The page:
The National Audit Office has today published a briefing on how the Department for Environment, Food & Rural Affairs (Defra) is preparing for the UK’s exit from the EU. With almost all of its areas of responsibility framed by EU legislation, Defra is a key player within government negotiations on the withdrawal agreement and the future partnership with the EU.

The briefing sets out the following:

  • The scale of Defra’s task. The EU affects virtually all of Defra’s activities, which means Defra faces an extensive legislative programme. This includes two major bills to establish UK policies for agriculture and fisheries and an estimated 95 items of secondary legislation to convert EU laws into UK law.
  • How Defra has set about its task. The department has adapted its governance structures to integrate the EU exit within its existing business as usual. It has drawn up detailed plans for its highest priority work streams.
  • How Defra is working with others including arm’s-length bodies, other government departments and devolved administrations.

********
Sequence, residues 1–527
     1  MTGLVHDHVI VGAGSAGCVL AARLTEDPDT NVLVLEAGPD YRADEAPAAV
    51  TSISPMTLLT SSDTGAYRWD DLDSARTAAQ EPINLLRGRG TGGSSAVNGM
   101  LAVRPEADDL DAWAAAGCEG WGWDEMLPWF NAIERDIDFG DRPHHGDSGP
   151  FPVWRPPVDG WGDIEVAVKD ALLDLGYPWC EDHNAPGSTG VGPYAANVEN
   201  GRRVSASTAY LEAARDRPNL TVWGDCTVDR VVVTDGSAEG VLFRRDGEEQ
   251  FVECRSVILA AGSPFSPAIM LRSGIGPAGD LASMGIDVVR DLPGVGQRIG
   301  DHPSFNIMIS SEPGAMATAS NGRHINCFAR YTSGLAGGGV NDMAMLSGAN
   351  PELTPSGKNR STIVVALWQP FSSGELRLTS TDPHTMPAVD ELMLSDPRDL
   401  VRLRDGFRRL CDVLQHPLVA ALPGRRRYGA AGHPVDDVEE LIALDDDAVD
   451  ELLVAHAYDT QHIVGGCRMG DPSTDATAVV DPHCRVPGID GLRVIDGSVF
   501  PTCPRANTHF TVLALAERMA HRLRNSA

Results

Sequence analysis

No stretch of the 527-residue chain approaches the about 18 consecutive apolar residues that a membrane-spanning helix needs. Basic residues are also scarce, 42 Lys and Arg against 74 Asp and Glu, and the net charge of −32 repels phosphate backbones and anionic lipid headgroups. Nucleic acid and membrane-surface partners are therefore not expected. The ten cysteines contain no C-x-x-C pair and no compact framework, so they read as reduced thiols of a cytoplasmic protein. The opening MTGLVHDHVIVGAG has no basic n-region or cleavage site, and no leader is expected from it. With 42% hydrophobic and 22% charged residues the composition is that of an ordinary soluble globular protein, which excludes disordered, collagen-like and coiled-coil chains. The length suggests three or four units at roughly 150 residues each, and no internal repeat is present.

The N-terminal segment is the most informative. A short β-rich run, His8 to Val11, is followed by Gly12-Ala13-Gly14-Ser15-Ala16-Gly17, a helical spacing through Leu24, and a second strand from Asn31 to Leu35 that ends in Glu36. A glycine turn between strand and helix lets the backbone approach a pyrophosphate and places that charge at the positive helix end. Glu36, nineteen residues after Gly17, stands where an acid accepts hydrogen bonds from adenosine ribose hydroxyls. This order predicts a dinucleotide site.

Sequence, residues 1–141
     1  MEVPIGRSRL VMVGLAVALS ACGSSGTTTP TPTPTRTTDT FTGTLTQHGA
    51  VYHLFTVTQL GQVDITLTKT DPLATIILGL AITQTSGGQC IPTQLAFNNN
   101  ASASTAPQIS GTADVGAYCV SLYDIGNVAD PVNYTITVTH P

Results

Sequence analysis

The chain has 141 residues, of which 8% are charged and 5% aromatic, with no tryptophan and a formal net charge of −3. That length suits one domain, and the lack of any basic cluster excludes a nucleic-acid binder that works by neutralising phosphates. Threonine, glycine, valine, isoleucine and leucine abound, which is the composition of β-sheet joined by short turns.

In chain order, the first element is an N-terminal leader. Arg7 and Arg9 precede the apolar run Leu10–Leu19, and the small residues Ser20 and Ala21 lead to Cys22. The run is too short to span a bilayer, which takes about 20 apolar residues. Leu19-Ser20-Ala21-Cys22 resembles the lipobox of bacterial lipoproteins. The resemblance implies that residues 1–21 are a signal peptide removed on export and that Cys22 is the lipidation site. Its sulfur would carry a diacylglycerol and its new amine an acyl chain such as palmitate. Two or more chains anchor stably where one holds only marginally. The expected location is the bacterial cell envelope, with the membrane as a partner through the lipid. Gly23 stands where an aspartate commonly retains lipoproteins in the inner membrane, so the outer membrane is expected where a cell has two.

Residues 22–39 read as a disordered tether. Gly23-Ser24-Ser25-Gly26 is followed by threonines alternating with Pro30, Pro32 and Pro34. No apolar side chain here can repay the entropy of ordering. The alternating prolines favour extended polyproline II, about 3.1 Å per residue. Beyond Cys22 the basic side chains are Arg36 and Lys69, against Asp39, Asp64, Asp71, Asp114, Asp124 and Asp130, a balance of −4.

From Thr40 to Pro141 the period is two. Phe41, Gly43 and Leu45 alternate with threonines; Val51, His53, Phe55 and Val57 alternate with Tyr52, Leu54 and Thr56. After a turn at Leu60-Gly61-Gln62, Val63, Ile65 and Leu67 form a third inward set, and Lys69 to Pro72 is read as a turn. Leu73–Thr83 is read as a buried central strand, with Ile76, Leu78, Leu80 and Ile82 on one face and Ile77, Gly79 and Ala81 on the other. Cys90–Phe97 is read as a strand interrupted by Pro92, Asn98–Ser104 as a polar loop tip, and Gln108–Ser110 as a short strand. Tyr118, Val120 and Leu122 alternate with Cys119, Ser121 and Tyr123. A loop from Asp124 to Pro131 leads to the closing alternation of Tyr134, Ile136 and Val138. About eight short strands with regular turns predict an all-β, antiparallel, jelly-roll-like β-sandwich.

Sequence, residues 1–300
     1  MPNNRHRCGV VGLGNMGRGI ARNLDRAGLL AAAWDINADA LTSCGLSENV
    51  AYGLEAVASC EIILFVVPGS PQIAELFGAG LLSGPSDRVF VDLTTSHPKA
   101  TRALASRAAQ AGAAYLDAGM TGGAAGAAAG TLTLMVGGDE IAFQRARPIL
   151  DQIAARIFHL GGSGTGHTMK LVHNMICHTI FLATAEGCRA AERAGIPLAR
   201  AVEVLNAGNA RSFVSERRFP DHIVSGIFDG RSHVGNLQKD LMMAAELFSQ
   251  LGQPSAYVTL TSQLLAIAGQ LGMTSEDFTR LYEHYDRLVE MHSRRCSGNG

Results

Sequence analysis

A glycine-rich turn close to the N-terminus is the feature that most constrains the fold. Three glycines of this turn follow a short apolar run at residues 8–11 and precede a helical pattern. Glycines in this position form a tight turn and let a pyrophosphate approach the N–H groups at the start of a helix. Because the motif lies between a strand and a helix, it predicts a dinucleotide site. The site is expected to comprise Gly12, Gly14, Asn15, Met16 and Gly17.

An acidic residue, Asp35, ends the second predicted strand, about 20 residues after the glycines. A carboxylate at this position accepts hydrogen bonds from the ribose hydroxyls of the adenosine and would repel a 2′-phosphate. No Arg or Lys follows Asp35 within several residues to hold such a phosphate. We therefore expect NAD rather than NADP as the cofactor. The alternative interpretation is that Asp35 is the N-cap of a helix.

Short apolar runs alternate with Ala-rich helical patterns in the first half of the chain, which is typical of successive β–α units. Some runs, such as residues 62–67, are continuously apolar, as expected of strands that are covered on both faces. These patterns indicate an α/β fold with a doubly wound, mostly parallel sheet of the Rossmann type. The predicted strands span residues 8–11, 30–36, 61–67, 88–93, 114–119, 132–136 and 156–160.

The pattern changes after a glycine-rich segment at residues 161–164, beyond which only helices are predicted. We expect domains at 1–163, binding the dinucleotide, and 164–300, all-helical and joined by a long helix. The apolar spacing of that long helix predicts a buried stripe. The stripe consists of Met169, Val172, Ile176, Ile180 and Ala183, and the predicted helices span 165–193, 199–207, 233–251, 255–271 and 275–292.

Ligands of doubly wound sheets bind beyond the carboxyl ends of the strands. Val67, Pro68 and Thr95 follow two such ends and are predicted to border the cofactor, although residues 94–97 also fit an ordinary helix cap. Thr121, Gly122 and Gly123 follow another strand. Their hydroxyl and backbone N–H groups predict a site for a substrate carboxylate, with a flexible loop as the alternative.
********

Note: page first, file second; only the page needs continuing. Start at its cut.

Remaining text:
Read the full report

Implementing the UK’s Exit from the European Union: The Department for Environment, Food & Rural Affairs

Notes for editors

  1. Press notices and reports are available from the date of publication on the NAO website. Hard copies can be obtained by using the relevant links on our website.
  2. The National Audit Office scrutinises public spending for Parliament and is independent of government. The Comptroller and Auditor General (C&AG), Sir Amyas Morse KCB, is an Officer of the House of Commons and leads the NAO, which employs some 785 people. The C&AG certifies the accounts of all government departments and many other public sector bodies. He has statutory authority to examine and report to Parliament on whether departments and the bodies they fund have used their resources efficiently, effectively, and with economy. Our studies evaluate the value for money of public spending, nationally and locally. Our recommendations and reports on good practice help government improve public services. Our work led to audited savings of £734 million in 2016.

Latest press releases